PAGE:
Poker is the most recognizable card game in the world and as such, has fascinated millions of recreational and professional players. The huge popularity the game enjoys has caused a number of poker variations to emerge.
Different variations utilize different hand rankings. Some of the most popular poker variants that are based on the traditional “high” ranking include Texas Hold’em, Omaha Hold’em, Five-Card Draw, and the Seven-Card Stud. Then again, there are variations of poker which employ the Ace to Five lowball rankings. Games like Omaha Hi-Lo and Stud Hi-Lo poker fall into this category.
With the following article, we aim to introduce less experienced players to the two most widespread poker hand rankings and explain which the worst starting hands in traditional “high” ranking poker variations like Hold’em are. But first, allow us to say a few words concerning basics like the deck used in the game and the number of players allowed at the table.
The Deck and the Number of Players
Popular poker variations, like Omaha Hold’em and Texas Hold’em, which are based on the traditional “high” ranking of hands, utilize a standard deck containing a total of 52 cards. For Draw poker and some lowball variations of the game, a joker card may be added to the standard deck. The joker is either used as an additional Ace in Draw poker, or helps players complete a Flush or a Straight. Then again, there are lowball poker variants where players utilize the joker as a substitute for the lowest cards that do not pair their hands.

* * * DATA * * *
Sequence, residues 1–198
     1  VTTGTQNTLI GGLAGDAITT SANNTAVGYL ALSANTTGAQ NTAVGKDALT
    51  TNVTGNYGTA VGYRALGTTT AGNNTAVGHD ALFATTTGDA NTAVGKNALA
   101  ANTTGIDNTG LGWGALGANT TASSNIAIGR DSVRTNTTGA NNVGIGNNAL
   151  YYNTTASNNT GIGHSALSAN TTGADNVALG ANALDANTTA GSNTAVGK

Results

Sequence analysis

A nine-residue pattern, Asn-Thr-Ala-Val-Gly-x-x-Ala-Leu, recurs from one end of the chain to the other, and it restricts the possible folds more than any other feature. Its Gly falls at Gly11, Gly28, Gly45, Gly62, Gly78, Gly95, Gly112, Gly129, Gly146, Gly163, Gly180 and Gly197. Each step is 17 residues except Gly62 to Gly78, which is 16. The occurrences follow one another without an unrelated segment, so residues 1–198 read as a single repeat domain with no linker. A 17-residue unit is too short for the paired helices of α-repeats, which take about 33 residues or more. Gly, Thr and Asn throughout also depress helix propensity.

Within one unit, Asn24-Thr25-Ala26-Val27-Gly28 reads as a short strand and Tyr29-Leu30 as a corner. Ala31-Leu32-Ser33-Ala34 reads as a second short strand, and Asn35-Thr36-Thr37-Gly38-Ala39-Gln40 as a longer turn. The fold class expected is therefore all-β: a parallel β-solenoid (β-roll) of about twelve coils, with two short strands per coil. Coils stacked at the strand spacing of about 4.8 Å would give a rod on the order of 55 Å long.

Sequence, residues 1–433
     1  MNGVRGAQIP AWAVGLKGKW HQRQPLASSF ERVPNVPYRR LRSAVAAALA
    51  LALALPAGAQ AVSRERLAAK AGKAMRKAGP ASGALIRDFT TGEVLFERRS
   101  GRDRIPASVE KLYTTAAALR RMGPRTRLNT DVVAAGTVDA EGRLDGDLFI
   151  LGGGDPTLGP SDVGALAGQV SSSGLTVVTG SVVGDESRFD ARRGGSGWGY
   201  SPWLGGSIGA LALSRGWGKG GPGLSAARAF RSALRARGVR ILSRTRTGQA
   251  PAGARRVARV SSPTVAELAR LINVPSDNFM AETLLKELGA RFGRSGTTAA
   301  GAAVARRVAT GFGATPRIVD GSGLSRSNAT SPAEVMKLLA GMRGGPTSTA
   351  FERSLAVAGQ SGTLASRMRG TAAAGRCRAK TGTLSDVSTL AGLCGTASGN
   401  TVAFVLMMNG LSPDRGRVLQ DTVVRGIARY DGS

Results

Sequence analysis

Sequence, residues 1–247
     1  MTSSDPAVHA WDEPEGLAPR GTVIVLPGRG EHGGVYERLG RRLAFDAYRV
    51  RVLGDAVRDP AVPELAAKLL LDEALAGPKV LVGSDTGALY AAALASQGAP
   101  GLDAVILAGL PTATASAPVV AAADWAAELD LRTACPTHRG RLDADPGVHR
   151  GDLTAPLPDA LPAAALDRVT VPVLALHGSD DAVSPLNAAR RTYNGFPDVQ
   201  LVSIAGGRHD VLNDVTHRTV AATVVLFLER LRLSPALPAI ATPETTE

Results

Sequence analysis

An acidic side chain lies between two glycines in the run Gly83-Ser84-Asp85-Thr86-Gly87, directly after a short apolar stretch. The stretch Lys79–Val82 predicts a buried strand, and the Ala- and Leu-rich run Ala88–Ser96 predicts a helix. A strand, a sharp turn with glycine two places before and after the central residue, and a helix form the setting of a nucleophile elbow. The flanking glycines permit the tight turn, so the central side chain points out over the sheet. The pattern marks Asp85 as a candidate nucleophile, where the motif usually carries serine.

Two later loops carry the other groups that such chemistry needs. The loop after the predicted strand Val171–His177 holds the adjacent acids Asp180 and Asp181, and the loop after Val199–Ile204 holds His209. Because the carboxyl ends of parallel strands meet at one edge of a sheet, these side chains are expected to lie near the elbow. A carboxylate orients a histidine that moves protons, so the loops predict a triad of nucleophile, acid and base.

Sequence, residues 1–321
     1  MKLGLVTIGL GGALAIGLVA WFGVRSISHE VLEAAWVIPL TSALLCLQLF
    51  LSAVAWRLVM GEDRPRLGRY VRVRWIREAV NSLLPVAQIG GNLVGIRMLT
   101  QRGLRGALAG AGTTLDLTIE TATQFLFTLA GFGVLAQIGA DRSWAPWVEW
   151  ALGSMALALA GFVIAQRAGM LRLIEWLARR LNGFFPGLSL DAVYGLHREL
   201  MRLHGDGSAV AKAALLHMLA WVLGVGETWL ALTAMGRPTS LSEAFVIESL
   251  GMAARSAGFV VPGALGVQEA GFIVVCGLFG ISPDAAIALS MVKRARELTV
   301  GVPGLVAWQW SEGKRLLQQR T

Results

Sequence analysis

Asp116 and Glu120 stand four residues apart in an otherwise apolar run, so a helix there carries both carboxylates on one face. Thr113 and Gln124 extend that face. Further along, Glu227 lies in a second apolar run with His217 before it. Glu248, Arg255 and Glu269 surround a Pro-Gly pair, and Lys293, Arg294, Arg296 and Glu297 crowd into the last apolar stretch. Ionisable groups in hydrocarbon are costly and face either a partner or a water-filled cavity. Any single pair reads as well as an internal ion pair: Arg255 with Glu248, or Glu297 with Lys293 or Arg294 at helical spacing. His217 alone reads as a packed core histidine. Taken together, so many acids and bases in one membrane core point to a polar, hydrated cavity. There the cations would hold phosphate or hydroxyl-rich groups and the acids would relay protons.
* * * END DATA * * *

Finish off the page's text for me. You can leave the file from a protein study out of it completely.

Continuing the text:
The number of players, allowed to join the game simultaneously also varies from one poker variation to another. In Texas Hold’em and Omaha Hold’em, the maximum number of players is typically either nine or ten. The maximum number of players allowed in seven-card variations, such as Razz and Stud Hi-Lo, is usually set to eight. This is so because such games are dealt in a different way and have a different betting structure, unlike Flop-based variations like the popular Texas Hold’em.
In all poker variations, the final hand of any given player always consists of five cards. As the cards’ suits are not ranked, if two players have the exact same hands that differ by suit, the two hands will be considered of equal rank. The ranking of the hands from the highest to the lowest are as follows – A, K, Q, J, 10, 9, 8, 7, 6, 5, 4, 3 and 2.